Supreme Court nominee Judge Amy Coney Barrett testifies before the Senate Judiciary Committee on the second day of her Supreme Court confirmation hearing on Capitol Hill on Wednesday in Washington, DC. 

WASHINGTON – Judge Amy Coney Barrett spent most of the second day of her Supreme Court confirmation hearing batting away Democrats’ predictions that she would provide the final vote needed to invalidate the Affordable Care Act and substantially rein in abortion rights, but she struggled to reconcile assurances that she had an open mind with her past writings that demonstrated strong opinions.

“I am standing before the committee today saying that I have the integrity to act consistently with my oath and apply the law,” she told members of the Senate Judiciary Committee.

Throughout the day, Barrett – as most other Supreme Court nominees have done – consistently refused to comment about her views on issues that were likely to come before the court. She insisted she had “no agenda” other than to respect the rule of law.

But unlike most other recent high court nominees, Barrett has an unusually long record of public writings and letters on hot-button issues, such as abortion. And Democrats pressed her to explain them.

As an appellate court judge in 2018, Barrett she joined a dissent in support of an Indiana law that would have banned abortions based on a disability or deformity.

While a Notre Dame law professor in 2013, Barrett signed a public letter criticizing the landmark abortion ruling Roe vs. Wade and calling for “the unborn to be protected in law.” In 2006, she signed on to an ad that called for an “end to the barbaric legacy of Roe vs. Wade.”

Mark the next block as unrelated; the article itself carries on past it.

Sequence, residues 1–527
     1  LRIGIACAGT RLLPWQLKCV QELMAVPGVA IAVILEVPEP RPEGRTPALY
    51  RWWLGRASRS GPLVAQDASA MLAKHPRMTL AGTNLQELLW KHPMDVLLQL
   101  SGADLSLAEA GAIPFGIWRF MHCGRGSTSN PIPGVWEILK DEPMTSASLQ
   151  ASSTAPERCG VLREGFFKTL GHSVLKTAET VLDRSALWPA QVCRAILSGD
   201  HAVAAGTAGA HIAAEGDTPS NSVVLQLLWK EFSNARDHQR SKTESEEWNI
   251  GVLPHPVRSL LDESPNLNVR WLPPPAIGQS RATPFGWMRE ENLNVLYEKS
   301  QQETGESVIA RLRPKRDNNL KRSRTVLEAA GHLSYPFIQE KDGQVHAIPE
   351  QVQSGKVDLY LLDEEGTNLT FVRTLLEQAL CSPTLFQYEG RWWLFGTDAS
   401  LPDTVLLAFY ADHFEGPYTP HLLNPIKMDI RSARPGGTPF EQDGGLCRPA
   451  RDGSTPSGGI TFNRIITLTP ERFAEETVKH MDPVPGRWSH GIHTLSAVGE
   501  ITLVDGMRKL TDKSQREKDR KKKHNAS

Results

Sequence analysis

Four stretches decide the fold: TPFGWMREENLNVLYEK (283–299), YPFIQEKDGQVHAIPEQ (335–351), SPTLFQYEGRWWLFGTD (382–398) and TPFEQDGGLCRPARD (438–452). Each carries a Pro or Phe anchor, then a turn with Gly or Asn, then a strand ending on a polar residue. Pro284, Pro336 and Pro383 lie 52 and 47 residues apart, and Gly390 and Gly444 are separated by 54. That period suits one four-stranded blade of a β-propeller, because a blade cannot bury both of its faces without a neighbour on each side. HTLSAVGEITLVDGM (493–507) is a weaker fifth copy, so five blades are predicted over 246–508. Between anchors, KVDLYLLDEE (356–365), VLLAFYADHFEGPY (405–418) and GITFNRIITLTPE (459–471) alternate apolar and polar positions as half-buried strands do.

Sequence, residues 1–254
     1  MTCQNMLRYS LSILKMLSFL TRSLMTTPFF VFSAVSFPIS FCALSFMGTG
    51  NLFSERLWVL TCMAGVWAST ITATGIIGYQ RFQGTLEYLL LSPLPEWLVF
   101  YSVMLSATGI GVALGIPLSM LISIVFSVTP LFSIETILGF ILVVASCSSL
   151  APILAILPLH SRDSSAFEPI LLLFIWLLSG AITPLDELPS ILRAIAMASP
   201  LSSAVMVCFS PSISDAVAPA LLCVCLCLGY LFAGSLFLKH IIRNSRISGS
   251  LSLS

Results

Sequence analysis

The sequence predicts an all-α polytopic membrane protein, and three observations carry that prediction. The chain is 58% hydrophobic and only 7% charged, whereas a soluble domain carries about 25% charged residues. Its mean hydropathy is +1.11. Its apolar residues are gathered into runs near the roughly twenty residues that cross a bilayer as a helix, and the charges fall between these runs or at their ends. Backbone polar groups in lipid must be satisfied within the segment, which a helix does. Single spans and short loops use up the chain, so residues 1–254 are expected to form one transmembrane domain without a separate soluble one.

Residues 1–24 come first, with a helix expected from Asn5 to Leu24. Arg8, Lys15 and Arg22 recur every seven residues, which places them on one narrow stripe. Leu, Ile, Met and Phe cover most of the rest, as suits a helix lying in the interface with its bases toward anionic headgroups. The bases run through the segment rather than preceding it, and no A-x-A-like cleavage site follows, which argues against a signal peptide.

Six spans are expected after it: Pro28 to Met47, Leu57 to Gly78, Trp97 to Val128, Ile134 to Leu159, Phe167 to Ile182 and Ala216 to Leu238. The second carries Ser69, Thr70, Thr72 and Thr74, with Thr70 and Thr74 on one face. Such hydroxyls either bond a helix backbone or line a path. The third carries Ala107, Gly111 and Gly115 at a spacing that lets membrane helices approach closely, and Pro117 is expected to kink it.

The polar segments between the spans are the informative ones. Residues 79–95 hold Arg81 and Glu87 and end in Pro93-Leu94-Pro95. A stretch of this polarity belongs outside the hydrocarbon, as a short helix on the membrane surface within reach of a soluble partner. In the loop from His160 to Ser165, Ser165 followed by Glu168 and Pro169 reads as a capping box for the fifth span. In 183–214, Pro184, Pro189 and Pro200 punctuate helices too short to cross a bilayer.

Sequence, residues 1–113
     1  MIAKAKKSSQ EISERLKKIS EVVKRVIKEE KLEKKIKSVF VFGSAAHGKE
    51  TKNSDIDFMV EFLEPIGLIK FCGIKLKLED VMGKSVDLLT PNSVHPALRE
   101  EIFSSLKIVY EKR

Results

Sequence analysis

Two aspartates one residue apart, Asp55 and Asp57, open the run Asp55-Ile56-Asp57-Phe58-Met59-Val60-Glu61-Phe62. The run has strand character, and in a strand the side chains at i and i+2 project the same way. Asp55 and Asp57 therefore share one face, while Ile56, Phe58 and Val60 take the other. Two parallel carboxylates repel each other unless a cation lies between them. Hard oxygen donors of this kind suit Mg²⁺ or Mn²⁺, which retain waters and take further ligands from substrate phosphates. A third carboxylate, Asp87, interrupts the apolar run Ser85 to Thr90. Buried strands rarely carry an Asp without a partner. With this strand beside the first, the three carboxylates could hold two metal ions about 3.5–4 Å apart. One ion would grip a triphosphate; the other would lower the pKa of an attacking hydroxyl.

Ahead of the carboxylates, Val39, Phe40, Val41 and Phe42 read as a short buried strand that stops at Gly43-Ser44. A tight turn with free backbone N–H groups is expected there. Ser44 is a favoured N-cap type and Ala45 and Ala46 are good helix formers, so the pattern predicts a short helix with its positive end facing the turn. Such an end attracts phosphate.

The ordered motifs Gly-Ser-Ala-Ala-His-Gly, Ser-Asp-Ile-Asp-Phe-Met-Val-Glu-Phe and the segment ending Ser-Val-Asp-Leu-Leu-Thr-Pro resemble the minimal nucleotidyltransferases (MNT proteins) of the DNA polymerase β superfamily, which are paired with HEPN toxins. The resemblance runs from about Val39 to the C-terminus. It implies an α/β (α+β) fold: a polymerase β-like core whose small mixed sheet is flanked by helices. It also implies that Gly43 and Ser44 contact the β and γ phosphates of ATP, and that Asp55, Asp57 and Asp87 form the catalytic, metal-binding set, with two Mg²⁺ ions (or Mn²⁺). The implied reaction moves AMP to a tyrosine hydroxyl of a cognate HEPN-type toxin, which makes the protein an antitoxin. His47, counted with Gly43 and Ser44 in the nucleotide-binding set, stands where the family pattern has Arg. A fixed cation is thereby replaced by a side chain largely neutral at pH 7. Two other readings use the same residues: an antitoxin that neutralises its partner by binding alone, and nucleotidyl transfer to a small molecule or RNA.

Barrett said Tuesday she signed onto the ad on the “way out of church,” as a private citizen, and that it was “consistent” with the church’s views and a “pro-life” viewpoint. While she said she has “personal feelings about abortion,” she told Republican Sen. Lindsey Graham of South Carolina, the committee chairman, she would set aside her Catholic beliefs on the bench.

Sen. Dianne Feinstein, D-Calif., repeatedly pressed Barrett to give her opinion of the 1973 Roe case, and the 1992 ruling in Planned Parenthood vs. Casey. The two cases are the bedrock of Americans’ right to access abortion.

“It would actually be wrong – a violation of the canons – for me to do that as a sitting judge,” Barrett said. “So if I express a view on a precedent one way or another, whether I say I love it or I hate it, it signals to litigants that I might tilt one way or another on a pending case.”

In response to questions from Sen. Amy Klobuchar, D-Minn., Barrett acknowledged that she doesn’t view Roe as a “super-precedent,” a scholarly term used to describe a Supreme Court decision that is so widely accepted that it is at no risk of being overturned.

Barrett said that while she viewed the anti-discrimination ruling Brown vs. Board of Education of Topeka as a super-precedent, she wouldn’t put Roe in that category because the public is divided on the issue and calls to overturn the abortion decision continue.

“I’m answering a lot of questions about Roe, which I think indicates that Roe does not fall into that category,” Barrett said.

With conservatives on the cusp of securing a rare 6-3 majority on the nation’s highest court, Democrats also repeatedly warned that she would vote to strike down the 2010 health care law if seated in time to hear arguments in a case scheduled to come before the court a week after the election.

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